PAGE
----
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Tip O'Neill -- a baseball guy

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As a young congressman, he played first base for the Democrats in their annual congressional game against the Republicans and, whenever the Red Sox were playing in Baltimore, he'd organize expeditions to watch them play. It made no difference how you voted, if you rooted for the Sox you were welcome to jump on board.

Dick
Flavin

This week, Dec. 9, to be specific, marks the 107th anniversary of the birth of Thomas P. "Tip" O'Neill, Jr. of Cambridge, Massachusetts. It's now 33 years since he stepped down as speaker of the house and more than a quarter of a century since his death. Before our memory of him fades further into the shadows of time, it is worthwhile to take one more look at one aspect of his life. Whether you agreed with him philosophically or not, there is no disagreement that he was one of the political giants of twentieth century America. But this column is not about politics -- it's about sports; and Tip was an avid sports fan.

He especially loved baseball and was a devout Red Sox fan for all his life. Even the sobriquet, "Tip," had its origins in baseball. The original Tip O'Neill was an outfielder, mostly with the St. Louis Browns (later renamed the Cardinals) in the 19th century. Among other things, the first Tip won the Triple Crown in 1887. He was called Tip because of his uncanny knack of fouling off pitches until he got the one he wanted to hit. Lots of young boys were nicknamed Tip in the early 20th century, and the O'Neill kid from Oxford Street in North Cambridge was one of them.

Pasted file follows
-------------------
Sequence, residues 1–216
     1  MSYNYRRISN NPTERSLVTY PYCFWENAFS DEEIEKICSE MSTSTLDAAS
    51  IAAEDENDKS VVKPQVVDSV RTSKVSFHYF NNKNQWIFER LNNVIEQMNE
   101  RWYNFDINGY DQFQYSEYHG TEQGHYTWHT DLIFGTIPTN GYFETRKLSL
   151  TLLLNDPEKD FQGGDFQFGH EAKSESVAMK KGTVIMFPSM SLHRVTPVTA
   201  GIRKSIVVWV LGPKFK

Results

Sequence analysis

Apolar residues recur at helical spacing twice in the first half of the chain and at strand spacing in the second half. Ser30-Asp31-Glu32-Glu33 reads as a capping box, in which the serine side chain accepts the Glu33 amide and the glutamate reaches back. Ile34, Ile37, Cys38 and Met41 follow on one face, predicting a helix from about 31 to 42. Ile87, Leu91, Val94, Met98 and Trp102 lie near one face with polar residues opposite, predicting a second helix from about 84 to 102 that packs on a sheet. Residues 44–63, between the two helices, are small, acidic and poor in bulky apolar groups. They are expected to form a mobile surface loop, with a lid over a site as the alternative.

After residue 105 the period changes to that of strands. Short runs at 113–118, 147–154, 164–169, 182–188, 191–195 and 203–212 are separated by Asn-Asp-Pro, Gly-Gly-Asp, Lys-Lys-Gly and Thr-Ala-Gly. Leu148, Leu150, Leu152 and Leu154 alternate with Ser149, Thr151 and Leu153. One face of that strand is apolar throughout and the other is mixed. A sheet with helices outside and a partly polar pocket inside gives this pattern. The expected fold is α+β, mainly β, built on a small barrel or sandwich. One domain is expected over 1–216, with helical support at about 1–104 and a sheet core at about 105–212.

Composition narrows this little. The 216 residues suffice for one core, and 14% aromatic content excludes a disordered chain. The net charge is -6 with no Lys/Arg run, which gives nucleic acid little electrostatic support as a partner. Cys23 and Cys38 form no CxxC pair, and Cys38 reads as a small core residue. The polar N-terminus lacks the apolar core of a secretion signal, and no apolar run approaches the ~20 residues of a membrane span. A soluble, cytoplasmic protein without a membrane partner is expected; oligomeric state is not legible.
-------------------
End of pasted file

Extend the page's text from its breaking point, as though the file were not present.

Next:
Young Tip remembered the exact date of his very first Red Sox game for all of his life: July 1, 1920. The reason he remembered was because on that day the great Walter Johnson of the Washington Senators threw a no-hitter; only an error by second baseman Bucky Harris prevented it from being a perfect game. Tip, only seven years old and at Fenway Park for the first time in his life, assumed that no-hitters must have been a common occurrence. But, of his 417 lifetime victories, it was the only no-hitter that Walter Johnson ever pitched, and in more than 70 years of watching baseball games, it was the only one that Tip O'Neill ever saw.

As a young congressman, he played first base for the Democrats in their annual congressional game against the Republicans and, whenever the Red Sox were playing in Baltimore, he'd organize expeditions to watch them play. It made no difference how you voted, if you rooted for the Sox you were welcome to jump on board.